Why Everyone Knows a Healthy [Insert Unhealthy Behavior]

When talking about the topic of health, young people's opinions can be surprising irrational. What constitutes healthy behavior, will often have more to do with subjective experience and bias than objective evidence. So how can cognitive bias influence the topic of human health?

The Availability Heuristic

According to researchers, the Availability Heuristic is a cognitive bias in the interpretation of information whereby 'people use the ease with which examples can be brought to mind as a cue for estimating their probability.'
The Availability Heuristic can be observed in many every day health opinions, in particular those opinions based on personal associations instead of probable evidence. For example, when discussing smoking, a young person may use one strong family memory as probable evidence to justify an unhealthy choice (see tweet above).

Why Everyone Seems to Know a Healthy [Insert Unhealthy Behavior]

By applying the Availability Heuristic to the health opinions of young people, you can begin to understand how unhealthy behavior can become irrationally associated with positive health outcomes despite more probable evidence to the contrary (see tweet below).
1. Young people are less likely to have known those who have died from unhealthy behavior. As a result, memories associating unhealthy behavior with negative outcomes may be less easily available and judged as less probable.

2. Young people are more likely to have known those who have survived unhealthy behavior. As a result, memories associating unhealthy behavior with positive outcomes may be more easily available and judged as more probable.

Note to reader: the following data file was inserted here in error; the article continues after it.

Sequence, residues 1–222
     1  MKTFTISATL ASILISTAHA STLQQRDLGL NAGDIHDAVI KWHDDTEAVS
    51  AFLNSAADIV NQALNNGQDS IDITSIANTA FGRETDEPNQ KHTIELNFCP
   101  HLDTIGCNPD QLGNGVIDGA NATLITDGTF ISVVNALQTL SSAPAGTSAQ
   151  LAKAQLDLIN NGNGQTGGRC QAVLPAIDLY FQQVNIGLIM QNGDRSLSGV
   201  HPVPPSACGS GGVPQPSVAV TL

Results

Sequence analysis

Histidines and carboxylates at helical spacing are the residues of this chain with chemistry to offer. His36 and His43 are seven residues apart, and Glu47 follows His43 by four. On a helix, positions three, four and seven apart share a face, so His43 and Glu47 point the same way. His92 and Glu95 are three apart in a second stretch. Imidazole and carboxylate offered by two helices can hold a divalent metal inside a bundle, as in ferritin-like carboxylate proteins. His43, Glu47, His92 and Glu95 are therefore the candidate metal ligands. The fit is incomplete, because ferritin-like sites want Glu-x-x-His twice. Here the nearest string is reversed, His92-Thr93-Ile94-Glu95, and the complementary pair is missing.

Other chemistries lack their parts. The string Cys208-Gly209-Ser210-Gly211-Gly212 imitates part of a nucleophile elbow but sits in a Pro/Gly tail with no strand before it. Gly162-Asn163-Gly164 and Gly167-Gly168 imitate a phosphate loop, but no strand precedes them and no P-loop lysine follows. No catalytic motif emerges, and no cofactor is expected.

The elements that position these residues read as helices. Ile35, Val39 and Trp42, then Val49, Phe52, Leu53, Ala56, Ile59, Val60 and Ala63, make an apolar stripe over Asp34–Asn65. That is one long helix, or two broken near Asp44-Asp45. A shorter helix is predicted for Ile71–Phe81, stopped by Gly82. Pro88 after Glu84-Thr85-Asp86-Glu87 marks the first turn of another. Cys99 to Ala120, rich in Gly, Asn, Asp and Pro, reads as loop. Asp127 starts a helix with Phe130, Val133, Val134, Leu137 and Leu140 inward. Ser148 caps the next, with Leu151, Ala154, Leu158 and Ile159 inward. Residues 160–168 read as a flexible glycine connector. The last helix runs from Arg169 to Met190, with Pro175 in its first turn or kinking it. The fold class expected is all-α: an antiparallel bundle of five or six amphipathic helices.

Hence the reason why everyone seems to know a healthy [insert unhealthy behavior].

The Future of Digital is Mobile

Occasionally, whilst foraging for knowledge berries on the internet, you stumble upon a patch of tasty information. This was the case on Sunday when I read an article by John Naughton titled, "Real cost of the smartphone revolution: The smartphone market is expanding at an astonishing rate, but is it damaging creativity and innovation on the web?"

The article referenced a May 2012 conference presentation written by the industry analyst Mary Meeker from venture capital firm Kleiner Perkins Caufield & Byers. Drawing from a range on secondary sources, the presentation puts forward a compelling view of current and future digital activity.

While there are numerous insights and trends from Meeker in the deck, I've pulled out two highlights that I found of particular interest.  

Insight One: The Future of Digital is Mobile

At present mobile traffic represents 10% of global internet traffic, but according to Meeker while "internet growth remains robust, rapid mobile adoption is still in [its] early stages" and will likely impact global desktop internet usage (see recent data from India below).
Insight Two: Companies Need to Think Mobile

The opportunity for mobile innovation to 're-imagine,' or disrupt, stable categories like finance, energy and retail is immense. Industries and companies that fail to proactively develop strategies for dealing with the shift to mobile are likely to lose market share.    
For those that are interested in the full presentation, a copy can be found below:  
KPCB Internet Trends 2012